Cartman:Lunch today is going to be pizza. Again. [exhales forcefully] Friends, our school is dying and you know it. You feel it. You're like, you're like me; you wanna change it. But ohhh no, Wendy Testaburger's not gonna let that happen! This is not the school we grew up in, and ...and I don't know if we can get it back. [leaves his desk and walks over to a mobile blackboard] So let's take a look at exactly what our school president wants. You know, what is she trying to achieve?

Let's just take a look at these Keywords here: Wendy's made it clear she wants our school to be a more Integrated Leftist and Liberal place! But you see whatn that happens, what we get is a Socialist, Modern, Utopian, Reformed, Farce of a School. So when you look closely it becomes very obvious what Wendy wants. K I L L S M U R F S. Our school president ...wants to kill Smurfs.
Ike:NOOOOO!
Cartman:I don't know if we're turning into a Smurf-hating school or what we're turning into, but unless you ask why [writes Y on the board], we're gonna transform into something.
[South Park Elementary, school hallway, day. Wendy is at her locker when Butters approaches with a group of friends. We'll call them Melvins, after the group he formed with Dougie and Pip back in Season 1]
Butters:Hey Wendy! Wendy! Is it true?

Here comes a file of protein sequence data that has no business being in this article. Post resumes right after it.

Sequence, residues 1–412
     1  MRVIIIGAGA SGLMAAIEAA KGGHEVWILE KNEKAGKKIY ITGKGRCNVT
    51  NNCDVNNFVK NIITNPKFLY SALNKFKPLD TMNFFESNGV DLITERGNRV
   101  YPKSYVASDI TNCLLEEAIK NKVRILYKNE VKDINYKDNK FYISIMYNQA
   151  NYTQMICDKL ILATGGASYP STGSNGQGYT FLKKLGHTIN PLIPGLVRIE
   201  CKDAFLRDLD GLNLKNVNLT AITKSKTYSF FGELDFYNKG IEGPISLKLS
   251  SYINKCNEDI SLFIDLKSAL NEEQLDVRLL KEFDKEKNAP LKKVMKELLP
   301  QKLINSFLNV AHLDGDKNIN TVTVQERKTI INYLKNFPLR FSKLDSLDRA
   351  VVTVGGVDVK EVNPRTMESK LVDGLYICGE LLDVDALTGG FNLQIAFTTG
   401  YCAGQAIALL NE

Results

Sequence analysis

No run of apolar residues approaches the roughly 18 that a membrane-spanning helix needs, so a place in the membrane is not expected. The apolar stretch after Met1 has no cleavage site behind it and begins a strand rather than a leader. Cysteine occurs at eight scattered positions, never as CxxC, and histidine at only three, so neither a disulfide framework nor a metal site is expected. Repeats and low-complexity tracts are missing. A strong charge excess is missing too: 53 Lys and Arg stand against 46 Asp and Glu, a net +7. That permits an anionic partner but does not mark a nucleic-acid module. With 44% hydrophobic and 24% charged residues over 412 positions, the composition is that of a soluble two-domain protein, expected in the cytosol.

Wendy:Is what true?
Butters:That you hate Smurfs?
Wendy:I don't have time for this.
Butters:Hey now! Me and us fellers were just asking questions!
Melvins:Yeah, that's right. We can ask. [Casey is among them]
Wendy:Try to understand this: all I do is try to help run student council. I don't give a crap about Smurfs!
Butters:[gasps and points] It IS true!
Melvin 1:Oh my God!
Melvin 2:Yeah, bemememe
Melvin 3:Oh my God!
Wendy:Maybe you guys should check into what student council actually does, before you just blindly listen to what some idiot with a microphone tells you! [storms off]
Butters:What did the Smurfs ever do to you! Ya bitch! I just called the president a bitch.
Casey:Hyeah.
Melvin 1:That was cool.


Sweden's finest (and perhaps only) collaborative, leftist e-newspaper Synapze.se
by A swedish kind of death on Sun Dec 11th, 2011 at 03:03:56 PM EST
[ Parent ]
Typical day in US politics.
by rifek on Thu Dec 15th, 2011 at 09:40:25 PM EST
[ Parent ]
You seem to believe that if two contradictory world views are in your head, some process automatically makes them fight to the death.

My understanding of current psychological theory is that your mind simply compartmentalizes one of them, to prevent conflict. Just like your lungs build tubercles to isolate the TB germs.

Works for me. Means that maybe your debunking arguments need to consider planting a seed that can be accepted into the compartment the truth is trapped in, so it can let the new idea grow.

I've found that planting seeds, fertilizing and watering them, with the overt explanation that you're just gardening for flowers works. Otherwise I'd just be another winger, eh?

(Now what is the idea I'm debunking, again?)

Align culture with our nature. Ot else!

by ormondotvos (ormond.otvosnospamgmialcon) on Mon Dec 12th, 2011 at 03:57:13 AM EST
[ Parent ]
Not automatically, no. Compartmentalizing works just fine. But they can come into conflict, mostly from having to base actions on either one.